How these two match up: Consistency is the biggest issue with Magny, who always seems to stumble right at the precipice of greatness. After a dreadful 1-2 start to his UFC career, The Ultimate Fighter (TUF) 16 veteran put together seven straight wins with four finishes. Then came a high-profile submission loss to perennial title contender Demian Maia. Certainly no shame in that, and Magny rebounded by winning his next three, including back-to-back victories over Hector Lombard and Kelvin Gastelum. Similarly, his journey to the 170-pound title was derailed by submission, courtesy of former lightweight champion, Rafael dos Anjos. Do we once again put faith in Magny based on his recent wins over Carlos Condit and Craig White?

I think we have to first decide what condition Condit was in during that contest, something that is applicable to earlier victories, as well. “The Natural Born Killer” has dropped four of his last five, Johny Hendricks coughed up five of his last six, and Hector Lombard is the loser of six straight. Was Magny the superior fighter, or the beneficiary of shot journeymen who no longer had the chops to compete at the elite level? I want to put more stock in the Kelvin Gastelum victory, but that was 2015 and the UFC 234 headliner performs far better at middleweight. I think my biggest issue is that Magny looks great, even against “names,” until he faces them in their primes, like Maia and Dos Anjos.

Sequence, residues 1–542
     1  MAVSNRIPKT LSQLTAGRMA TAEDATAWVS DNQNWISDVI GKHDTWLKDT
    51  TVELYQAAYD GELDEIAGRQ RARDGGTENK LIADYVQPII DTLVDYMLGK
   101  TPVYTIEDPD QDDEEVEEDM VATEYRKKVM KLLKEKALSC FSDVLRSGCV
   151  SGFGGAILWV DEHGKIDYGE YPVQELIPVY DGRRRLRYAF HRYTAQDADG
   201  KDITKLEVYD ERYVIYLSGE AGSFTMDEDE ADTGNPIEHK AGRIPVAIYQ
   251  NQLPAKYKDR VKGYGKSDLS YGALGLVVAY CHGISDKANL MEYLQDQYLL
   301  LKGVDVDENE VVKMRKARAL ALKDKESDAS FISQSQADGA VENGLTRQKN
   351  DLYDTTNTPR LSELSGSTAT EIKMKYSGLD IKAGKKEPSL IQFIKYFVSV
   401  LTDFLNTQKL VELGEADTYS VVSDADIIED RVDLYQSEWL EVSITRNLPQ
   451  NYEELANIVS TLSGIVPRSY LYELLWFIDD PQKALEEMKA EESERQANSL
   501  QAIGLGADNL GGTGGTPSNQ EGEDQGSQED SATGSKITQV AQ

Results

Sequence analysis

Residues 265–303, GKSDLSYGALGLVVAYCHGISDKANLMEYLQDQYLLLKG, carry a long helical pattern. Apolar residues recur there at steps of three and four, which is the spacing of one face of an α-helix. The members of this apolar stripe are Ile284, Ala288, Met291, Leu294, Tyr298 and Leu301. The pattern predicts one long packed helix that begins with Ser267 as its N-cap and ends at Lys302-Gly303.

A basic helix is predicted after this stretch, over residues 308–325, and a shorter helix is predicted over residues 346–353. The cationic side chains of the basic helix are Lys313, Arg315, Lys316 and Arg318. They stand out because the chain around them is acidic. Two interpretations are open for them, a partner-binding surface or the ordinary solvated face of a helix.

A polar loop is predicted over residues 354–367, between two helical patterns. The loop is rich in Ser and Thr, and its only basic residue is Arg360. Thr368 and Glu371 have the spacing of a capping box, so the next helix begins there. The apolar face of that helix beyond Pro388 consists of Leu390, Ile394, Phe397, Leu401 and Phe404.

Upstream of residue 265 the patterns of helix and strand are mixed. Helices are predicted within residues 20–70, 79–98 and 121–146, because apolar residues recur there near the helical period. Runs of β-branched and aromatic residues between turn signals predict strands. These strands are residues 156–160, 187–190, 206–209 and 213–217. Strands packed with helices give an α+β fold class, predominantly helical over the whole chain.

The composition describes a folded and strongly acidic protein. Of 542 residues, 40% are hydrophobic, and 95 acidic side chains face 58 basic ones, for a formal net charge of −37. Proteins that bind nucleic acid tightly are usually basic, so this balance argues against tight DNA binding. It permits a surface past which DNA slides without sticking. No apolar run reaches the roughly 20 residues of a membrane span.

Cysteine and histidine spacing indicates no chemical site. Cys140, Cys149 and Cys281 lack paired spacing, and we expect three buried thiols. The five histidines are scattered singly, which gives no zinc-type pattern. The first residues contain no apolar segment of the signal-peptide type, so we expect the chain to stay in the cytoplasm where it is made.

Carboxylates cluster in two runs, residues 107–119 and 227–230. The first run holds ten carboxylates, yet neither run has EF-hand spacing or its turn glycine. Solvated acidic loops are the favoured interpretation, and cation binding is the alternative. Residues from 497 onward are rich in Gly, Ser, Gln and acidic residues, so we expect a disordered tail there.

I suppose a similar critique is warranted for Ponzinibbio. The Argentinian has looked outstanding in recent years, capturing eight of 10 under the UFC banner. It’s kind of hard to find the downside to a six-fight win streak, because there really isn’t one, but in the interest of objectivity we also need to be real about his level of competition. Mike Perry has dropped three of his last four, Gunnar Nelson is just 3-3 over the last four years, and Nordine Taleb has been finished twice in 2018. I would like to see a signature win that was beyond reproach and right now … I got nothing. I don’t want to blame “Gente Boa” for that because he’s not the matchmaker and he can only work with the tools he’s given. By that same token, I’m not going crazy over his technical knockout loss to Lorenz Larkin. Not only was it over three years ago, it was just his second defeat since 2011, a span of 11 fights.